Sometimes the unspectacular looking releases have got the richest musically content to offer. Ashbed is the Electronic music project of David Tatlock, who hails out of New Waterford, NS, Canada. In his earlier years he has been often supported by Nightwaves zine-editor and Synthpop supporter (... and Chain D.L.K. author...) Gary Flanagan through some compilation appearances. Also some of Flanagan's reviews on his early demo recordings have been throughout positive, although Ashbed's music is for the most part far away of Gary's preferences. 'If We Should Part' is filled with haunting and dense athmospheres, the music combines darkest Electro with Noise, Dubstep and Ambient. Skinny Puppy gets often mentioned, but also Controlled Bleeding, Gridlock, Scorn plus I would add the ominous textures of projects like Little Sap Dungeon as being quells of inspiration for Mr. Tatlock. Mostly his tracks are drowning into Downtempo-like sick and noisy sound-walls. 'So It Goes' is such an example, which adds a monotonous Dubstep-rhythm to lead the track. 'In Between Dreams' stands for a clearer, more Puppy-an Dark Electro-inspired tune. Also thanks to the inclusion of vocals this one is a nice addition to fans of this beloved genre. 'Third Coming' then brings back the abstract, Experimental-infiltrated side of David, and this style still leads most tracks of this album. Also 'The Hidden' or the title-track are dwelling pretty much in obtrusive synthesizer sound-drops, plus the drastic rhythm section brings both near to a Gridlock-like experience. While I would recommend here and there adding a bit more clearance in his song structures, maybe too with a consideration to present more vocals like on 'In Between Dreams', I am generally quite impressed by the efforts of Mr. Tatlock. Regarding the above mentioned artists for possible comparisons it should be quite clear, that this album won't satisfy meaningless dancefloor attributes. Ashbed could need a bit more exposure by press and listeners for a better out-coming, while the talent is without doubts presented on here.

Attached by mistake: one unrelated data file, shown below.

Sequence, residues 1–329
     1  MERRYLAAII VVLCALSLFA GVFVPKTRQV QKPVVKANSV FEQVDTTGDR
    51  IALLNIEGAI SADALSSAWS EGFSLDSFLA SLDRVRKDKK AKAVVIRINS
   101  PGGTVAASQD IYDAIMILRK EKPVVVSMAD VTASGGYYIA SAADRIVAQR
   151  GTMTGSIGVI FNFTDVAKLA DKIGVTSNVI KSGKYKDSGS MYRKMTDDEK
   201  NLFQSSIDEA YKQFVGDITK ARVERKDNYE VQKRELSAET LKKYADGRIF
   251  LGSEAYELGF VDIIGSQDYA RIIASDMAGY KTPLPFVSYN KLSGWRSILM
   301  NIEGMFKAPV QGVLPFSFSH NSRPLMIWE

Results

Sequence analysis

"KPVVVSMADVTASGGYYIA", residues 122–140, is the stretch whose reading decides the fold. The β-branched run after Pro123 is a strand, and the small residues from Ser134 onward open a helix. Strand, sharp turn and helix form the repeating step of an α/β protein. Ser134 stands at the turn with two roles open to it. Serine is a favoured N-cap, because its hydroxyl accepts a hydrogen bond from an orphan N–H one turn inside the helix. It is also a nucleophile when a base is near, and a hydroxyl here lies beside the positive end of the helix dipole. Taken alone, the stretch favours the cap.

Dec 03 2012